For example, you can get started with online companies such as Cambly to get some experience and see if you like teaching English online. You could also become a community tutor as opposed to a professional teacher (which requires qualifications) on iTalki, an online teaching marketplace.
As you can imagine, the fewer qualifications you have and the lower your level of experience, the lower the pay tends to be.
As you move from working with companies to online teaching marketplaces and even to working independently and finding your own students, you can increase your rates. To do that though, you’ll have to get results for your students which demonstrate the value of your teaching.
Requirements For Teaching English Online
Different online teaching companies will have different requirements when it comes to things like internet connection speed and equipment. Generally you’ll need to have a webcam and a microphone.
As for qualifications, these depend on the company or platform that you want to work for. Some may require a degree, while others may not ask for any formal qualifications. Others will want a teaching certificate, or a combination of degree and teaching certificate. Experience is a requirement for some, but not always necessary.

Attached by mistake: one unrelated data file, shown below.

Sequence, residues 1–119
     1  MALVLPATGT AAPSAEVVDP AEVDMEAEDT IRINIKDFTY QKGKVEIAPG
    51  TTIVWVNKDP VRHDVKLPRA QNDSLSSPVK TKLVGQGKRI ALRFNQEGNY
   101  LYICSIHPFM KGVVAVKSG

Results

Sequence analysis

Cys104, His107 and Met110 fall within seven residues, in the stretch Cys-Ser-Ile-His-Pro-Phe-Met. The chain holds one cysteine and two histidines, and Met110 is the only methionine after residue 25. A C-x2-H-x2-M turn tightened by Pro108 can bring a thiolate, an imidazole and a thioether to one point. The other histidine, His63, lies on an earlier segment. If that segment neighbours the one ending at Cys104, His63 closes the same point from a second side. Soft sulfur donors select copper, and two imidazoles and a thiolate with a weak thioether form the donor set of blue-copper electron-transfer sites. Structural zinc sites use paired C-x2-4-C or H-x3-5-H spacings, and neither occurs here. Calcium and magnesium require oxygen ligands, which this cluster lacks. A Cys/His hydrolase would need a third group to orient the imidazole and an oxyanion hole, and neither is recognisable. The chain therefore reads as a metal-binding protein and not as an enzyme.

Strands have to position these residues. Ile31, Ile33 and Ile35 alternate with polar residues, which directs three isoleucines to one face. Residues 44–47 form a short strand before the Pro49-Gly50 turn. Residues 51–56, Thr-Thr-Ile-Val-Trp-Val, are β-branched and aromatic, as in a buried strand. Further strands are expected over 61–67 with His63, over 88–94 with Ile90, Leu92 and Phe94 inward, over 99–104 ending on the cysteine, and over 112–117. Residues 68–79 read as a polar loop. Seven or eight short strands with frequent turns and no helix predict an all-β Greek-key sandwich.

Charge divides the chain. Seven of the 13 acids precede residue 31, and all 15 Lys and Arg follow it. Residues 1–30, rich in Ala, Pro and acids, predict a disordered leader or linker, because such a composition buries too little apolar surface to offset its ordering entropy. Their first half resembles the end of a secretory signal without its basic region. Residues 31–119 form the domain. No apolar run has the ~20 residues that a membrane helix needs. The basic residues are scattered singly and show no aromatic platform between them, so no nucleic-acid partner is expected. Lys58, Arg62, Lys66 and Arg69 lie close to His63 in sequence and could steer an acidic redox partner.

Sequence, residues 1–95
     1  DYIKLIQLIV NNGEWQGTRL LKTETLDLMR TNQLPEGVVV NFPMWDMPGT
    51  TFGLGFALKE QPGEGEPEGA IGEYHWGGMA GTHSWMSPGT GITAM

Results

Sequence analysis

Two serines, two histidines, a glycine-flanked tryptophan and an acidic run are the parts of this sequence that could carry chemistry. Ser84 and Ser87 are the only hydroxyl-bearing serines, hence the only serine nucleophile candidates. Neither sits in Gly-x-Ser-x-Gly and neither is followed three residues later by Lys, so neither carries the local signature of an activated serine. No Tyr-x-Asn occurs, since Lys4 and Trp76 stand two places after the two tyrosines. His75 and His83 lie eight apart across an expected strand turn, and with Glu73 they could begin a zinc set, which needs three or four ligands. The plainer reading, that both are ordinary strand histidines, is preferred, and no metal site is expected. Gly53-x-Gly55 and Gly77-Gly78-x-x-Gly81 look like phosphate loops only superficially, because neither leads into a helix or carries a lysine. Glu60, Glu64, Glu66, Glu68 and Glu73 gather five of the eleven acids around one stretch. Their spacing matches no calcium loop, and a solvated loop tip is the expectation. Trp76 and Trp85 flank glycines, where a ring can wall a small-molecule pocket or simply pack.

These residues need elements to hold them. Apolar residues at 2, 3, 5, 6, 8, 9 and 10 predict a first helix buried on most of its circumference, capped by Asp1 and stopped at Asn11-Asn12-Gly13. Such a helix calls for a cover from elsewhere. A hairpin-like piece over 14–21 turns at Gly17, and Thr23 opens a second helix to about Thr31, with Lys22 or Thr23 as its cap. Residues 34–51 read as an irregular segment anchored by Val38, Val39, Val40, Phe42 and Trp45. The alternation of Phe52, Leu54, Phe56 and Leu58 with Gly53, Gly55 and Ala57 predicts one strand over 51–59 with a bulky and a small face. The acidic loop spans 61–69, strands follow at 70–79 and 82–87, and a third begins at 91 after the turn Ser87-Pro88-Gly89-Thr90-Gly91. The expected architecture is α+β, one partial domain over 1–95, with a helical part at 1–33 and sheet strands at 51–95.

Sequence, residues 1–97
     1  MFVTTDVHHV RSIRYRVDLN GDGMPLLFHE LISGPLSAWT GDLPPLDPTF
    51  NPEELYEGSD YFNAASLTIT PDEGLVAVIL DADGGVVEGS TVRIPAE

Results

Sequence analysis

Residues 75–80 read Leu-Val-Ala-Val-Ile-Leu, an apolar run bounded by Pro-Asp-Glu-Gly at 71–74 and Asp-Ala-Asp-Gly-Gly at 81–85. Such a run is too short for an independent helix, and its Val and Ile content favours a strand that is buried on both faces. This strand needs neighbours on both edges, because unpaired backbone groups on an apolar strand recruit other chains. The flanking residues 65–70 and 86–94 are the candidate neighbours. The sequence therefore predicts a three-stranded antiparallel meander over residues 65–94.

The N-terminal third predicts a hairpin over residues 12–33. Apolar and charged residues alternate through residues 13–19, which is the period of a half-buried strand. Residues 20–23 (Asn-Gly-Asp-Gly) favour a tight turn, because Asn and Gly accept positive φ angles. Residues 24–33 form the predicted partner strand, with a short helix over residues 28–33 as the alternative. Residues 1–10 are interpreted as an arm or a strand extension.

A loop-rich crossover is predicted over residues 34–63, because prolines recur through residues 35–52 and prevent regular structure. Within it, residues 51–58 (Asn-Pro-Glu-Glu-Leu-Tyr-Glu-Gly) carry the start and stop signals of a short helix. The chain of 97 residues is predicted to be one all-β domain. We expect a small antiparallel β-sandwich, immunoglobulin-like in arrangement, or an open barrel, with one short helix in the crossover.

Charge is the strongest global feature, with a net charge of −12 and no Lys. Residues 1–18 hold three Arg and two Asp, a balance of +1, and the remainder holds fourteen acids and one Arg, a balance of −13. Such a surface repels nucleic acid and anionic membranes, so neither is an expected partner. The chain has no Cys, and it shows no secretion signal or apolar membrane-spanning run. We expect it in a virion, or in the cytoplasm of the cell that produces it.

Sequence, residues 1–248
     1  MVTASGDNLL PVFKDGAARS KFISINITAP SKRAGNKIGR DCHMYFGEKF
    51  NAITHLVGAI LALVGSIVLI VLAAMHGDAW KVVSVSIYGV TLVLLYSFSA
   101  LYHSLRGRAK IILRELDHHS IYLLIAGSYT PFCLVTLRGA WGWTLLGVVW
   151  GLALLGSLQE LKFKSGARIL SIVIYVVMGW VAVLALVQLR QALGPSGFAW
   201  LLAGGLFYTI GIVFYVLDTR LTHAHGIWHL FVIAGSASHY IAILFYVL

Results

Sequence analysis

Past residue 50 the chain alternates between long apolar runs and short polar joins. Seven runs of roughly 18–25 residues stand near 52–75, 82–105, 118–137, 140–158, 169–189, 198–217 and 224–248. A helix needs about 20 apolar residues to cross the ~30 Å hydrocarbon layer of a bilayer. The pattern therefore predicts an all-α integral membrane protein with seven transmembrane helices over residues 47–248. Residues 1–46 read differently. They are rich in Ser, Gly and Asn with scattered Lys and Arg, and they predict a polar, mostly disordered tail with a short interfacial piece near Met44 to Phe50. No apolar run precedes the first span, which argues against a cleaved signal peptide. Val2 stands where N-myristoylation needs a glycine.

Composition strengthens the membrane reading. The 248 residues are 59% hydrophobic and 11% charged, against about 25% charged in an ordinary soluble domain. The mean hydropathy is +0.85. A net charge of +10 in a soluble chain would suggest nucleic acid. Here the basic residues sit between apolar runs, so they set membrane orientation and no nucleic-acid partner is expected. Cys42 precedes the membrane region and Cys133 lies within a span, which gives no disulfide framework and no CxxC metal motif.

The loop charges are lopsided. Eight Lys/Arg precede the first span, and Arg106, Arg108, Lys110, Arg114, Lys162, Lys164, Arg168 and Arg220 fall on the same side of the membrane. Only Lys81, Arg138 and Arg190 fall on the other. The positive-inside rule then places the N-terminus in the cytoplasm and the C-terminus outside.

In the next sections, you’ll discover where you can work and what specific requirements these companies and platforms have.
You also have the option to work independently – this doesn’t necessarily mean you need particular qualifications, but you will need a business and marketing skill set to do this.
Teach English Online No Degree
You may have noticed if you’ve been looking around that some online English teaching jobs require you to have a degree.
But there are some companies that will hire you even without a degree. Usually that means applying to platforms that put students and teachers in contact with one another, such as LanguaTalk.
Another requirement of certain companies and marketplaces is that you have some kind of qualification or certification for teaching English as a second language.
Before I get into the types of qualifications, it’s worth mentioning that being a native speaker of English isn’t enough to make you a good teacher.